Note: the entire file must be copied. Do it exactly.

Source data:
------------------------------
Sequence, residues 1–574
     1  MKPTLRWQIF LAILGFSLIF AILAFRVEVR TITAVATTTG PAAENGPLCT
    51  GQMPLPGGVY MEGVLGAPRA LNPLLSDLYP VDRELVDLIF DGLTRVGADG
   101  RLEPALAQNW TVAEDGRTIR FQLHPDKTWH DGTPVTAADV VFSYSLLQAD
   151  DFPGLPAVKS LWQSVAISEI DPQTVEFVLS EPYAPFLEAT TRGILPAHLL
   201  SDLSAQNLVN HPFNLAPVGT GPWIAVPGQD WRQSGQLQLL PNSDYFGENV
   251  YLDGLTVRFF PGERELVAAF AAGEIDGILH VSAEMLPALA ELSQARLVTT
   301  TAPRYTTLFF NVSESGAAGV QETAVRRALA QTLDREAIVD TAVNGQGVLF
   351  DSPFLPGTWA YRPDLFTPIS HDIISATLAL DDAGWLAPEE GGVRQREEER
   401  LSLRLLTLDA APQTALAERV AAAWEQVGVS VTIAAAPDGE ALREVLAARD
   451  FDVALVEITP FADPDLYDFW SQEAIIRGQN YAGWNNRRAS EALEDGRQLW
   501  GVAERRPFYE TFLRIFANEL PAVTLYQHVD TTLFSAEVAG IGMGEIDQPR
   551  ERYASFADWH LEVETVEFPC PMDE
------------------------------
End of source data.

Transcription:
Sequence, residues 1–574
     1  MKPTLRWQIF LAILGFSLIF AILAFRVEVR TITAVATTTG PAAENGPLCT
    51  GQMPLPGGVY MEGVLGAPRA LNPLLSDLYP VDRELVDLIF DGLTRVGADG
   101  RLEPALAQNW TVAEDGRTIR FQLHPDKTWH DGTPVTAADV VFSYSLLQAD
   151  DFPGLPAVKS LWQSVAISEI DPQTVEFVLS EPYAPFLEAT TRGILPAHLL
   201  SDLSAQNLVN HPFNLAPVGT GPWIAVPGQD WRQSGQLQLL PNSDYFGENV
   251  YLDGLTVRFF PGERELVAAF AAGEIDGILH VSAEMLPALA ELSQARLVTT
   301  TAPRYTTLFF NVSESGAAGV QETAVRRALA QTLDREAIVD TAVNGQGVLF
   351  DSPFLPGTWA YRPDLFTPIS HDIISATLAL DDAGWLAPEE GGVRQREEER
   401  LSLRLLTLDA APQTALAERV AAAWEQVGVS VTIAAAPDGE ALREVLAARD
   451  FDVALVEITP FADPDLYDFW SQEAIIRGQN YAGWNNRRAS EALEDGRQLW
   501  GVAERRPFYE TFLRIFANEL PAVTLYQHVD TTLFSAEVAG IGMGEIDQPR
   551  ERYASFADWH LEVETVEFPC PMDE